The Left Archive: Addendum to the Workers’ Party 1991 Debate from ‘Making Sense’ October 26, 2007Posted by WorldbyStorm in Irish Left Online Document Archive.
Here, donated anonymously [and we’re very grateful for the material] are some of the follow up articles to the last issue of the Workers Party ‘Making Sense’ that we posted a week or two ago. Also, here is that missing right hand page of the article by Paddy Woodworth. Clearly that was a printing error. As an example of the turmoil in the party I think this sequence of articles gives a good impression of the times. What is notable is that trouble was emerging across a range of fronts. It wasn’t just the collapse of the Soviet Union, but also the line on the North and the legacy of the media centred faction which was heartily disliked by apparently all in this discussion. And this I’d argue is crucial to an understanding of the internal dynamics of the WP. It was never, as its rivals and opponents lazily – albeit understandably – characterised it, a simple ‘Stalinist’ party. There were in fact many competing tendencies and currents within it, from democratic socialist, Euro Communist, hard-line Moscow socialists, as Splintered Sunrise has noted there were a small number of traditional Republicans who stuck with OSF and never left (what on earth did they make of it all? Although on second thoughts considering how the party took a bit more of a green turn post split perhaps they were just biding their time) and even believe it or not the occasional member who held Trotsky in high regard (I met that person once or twice). Then there was a socially liberal faction, a socially much more conservative grouping and so on and so forth (all sorts of fun and games in 1990, as I recall, over the issue of gay rights where one very courageous member (who as it happened was himself gay) pointed out at the Ard Fheis that logically 10% or more of those at the top of the hall were gay and the party was simply not addressing the issue from a rights basis. Cue a certain panic in the collective expressions of those who had never thought of the issue, those who had thought of it and had promptly disregarded it and those for whom it was a functional aspect of their lives and it was great to hear it being expressed). And these categories were diffuse which led to all sorts of oddities in the later split with people leaving who should by rights have stayed and people staying who should by rights have left. I’ve noted the current travails of Respect and the SWP. Somehow, although there are obvious differences, there are also similarities in the way that groupings developed and people began to assume ideological positions that would drive them politically for long after. That all this was couched in near existential terms perhaps indicates the solipsistic nature of left politics, or an inevitable human dynamic…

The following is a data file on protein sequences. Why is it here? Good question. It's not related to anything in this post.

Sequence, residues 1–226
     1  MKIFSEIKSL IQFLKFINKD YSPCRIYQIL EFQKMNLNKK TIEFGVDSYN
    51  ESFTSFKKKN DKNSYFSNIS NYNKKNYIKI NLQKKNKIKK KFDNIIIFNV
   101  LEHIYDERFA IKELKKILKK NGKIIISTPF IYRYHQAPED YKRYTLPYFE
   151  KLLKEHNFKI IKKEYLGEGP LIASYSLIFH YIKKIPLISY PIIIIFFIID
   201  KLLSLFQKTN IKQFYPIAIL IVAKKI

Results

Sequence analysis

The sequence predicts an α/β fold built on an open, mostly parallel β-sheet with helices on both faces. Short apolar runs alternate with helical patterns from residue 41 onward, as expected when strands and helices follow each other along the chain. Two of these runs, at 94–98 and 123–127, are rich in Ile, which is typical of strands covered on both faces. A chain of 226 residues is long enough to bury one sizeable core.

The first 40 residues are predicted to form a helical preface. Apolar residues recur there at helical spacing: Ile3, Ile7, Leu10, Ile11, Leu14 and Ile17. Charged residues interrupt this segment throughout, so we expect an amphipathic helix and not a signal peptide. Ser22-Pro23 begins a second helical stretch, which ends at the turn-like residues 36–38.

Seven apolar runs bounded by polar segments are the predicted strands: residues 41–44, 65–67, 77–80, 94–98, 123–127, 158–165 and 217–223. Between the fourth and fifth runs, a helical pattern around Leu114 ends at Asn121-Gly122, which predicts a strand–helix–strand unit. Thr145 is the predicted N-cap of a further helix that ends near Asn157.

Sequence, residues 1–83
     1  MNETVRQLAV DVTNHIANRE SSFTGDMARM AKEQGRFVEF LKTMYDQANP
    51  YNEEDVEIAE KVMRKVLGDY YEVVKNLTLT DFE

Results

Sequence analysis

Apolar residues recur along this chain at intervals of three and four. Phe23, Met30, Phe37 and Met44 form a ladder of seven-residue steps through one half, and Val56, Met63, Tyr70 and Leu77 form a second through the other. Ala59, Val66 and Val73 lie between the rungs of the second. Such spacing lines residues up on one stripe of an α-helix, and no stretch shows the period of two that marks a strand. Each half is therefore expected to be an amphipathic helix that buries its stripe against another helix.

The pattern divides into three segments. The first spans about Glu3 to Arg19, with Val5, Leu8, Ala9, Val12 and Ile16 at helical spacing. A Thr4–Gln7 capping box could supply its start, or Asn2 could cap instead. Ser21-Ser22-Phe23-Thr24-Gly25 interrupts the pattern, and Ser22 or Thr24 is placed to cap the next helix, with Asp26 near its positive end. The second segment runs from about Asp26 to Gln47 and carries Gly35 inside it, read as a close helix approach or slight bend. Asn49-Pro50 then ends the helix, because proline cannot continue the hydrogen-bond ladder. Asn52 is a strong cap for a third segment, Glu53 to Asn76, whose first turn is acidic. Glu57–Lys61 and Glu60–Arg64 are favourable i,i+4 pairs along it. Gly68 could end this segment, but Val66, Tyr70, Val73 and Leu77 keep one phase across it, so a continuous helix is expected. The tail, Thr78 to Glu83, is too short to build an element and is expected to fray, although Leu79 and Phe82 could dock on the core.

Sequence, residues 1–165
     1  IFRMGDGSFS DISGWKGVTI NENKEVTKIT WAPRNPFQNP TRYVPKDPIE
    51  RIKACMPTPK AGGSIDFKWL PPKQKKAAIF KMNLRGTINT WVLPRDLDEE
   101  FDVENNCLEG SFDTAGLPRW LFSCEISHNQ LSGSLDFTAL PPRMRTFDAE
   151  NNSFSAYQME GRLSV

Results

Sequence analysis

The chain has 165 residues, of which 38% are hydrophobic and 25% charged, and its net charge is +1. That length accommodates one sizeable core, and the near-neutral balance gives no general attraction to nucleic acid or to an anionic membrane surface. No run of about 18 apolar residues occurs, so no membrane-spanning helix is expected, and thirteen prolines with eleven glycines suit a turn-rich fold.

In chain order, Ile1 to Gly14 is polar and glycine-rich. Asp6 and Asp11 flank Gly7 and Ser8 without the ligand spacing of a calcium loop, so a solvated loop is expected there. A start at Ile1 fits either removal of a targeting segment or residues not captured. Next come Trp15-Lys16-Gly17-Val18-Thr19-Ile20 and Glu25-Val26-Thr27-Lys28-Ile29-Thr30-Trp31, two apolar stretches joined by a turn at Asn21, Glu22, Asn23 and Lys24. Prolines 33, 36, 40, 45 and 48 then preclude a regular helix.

Here is the full Paddy Woodworth article:
In the March/April edition of “Making Sense” John Lowry critiques Paddy Woodworths original article.
Also from that issue – for all you BICO watchers out there – is an interesting debate on the significance of 1916 between MacGiolla and Paul Bew.
Anyhow, from the subsequent Making Sense we have an article by Triona Dooney which also critiques Woodworth…
And a letter from Woodworth which responds to Lowry.